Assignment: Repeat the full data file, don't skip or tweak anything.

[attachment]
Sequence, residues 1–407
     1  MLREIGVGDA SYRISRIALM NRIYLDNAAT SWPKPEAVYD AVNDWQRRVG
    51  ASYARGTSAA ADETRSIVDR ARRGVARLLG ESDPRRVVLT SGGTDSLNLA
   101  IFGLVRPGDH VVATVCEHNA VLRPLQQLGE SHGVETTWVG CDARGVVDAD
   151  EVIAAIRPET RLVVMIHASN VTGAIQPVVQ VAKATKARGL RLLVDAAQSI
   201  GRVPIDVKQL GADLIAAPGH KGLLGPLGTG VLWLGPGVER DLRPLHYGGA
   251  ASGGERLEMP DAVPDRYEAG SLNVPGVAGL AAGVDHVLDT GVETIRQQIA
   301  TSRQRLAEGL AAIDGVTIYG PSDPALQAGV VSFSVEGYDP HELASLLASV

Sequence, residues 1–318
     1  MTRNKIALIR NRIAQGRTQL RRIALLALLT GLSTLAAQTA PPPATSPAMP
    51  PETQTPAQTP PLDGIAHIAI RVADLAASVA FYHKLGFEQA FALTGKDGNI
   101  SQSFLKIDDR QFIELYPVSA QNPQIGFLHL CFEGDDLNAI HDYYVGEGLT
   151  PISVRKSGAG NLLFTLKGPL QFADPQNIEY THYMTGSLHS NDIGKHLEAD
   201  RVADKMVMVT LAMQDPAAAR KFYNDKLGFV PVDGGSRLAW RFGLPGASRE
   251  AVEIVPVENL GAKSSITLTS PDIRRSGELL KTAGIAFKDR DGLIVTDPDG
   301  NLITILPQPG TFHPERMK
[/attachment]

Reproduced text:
Sequence, residues 1–407
     1  MLREIGVGDA SYRISRIALM NRIYLDNAAT SWPKPEAVYD AVNDWQRRVG
    51  ASYARGTSAA ADETRSIVDR ARRGVARLLG ESDPRRVVLT SGGTDSLNLA
   101  IFGLVRPGDH VVATVCEHNA VLRPLQQLGE SHGVETTWVG CDARGVVDAD
   151  EVIAAIRPET RLVVMIHASN VTGAIQPVVQ VAKATKARGL RLLVDAAQSI
   201  GRVPIDVKQL GADLIAAPGH KGLLGPLGTG VLWLGPGVER DLRPLHYGGA
   251  ASGGERLEMP DAVPDRYEAG SLNVPGVAGL AAGVDHVLDT GVETIRQQIA
   301  TSRQRLAEGL AAIDGVTIYG PSDPALQAGV VSFSVEGYDP HELASLLASV

Sequence, residues 1–318
     1  MTRNKIALIR NRIAQGRTQL RRIALLALLT GLSTLAAQTA PPPATSPAMP
    51  PETQTPAQTP PLDGIAHIAI RVADLAASVA FYHKLGFEQA FALTGKDGNI
   101  SQSFLKIDDR QFIELYPVSA QNPQIGFLHL CFEGDDLNAI HDYYVGEGLT
   151  PISVRKSGAG NLLFTLKGPL QFADPQNIEY THYMTGSLHS NDIGKHLEAD
   201  RVADKMVMVT LAMQDPAAAR KFYNDKLGFV PVDGGSRLAW RFGLPGASRE
   251  AVEIVPVENL GAKSSITLTS PDIRRSGELL KTAGIAFKDR DGLIVTDPDG
   301  NLITILPQPG TFHPERMK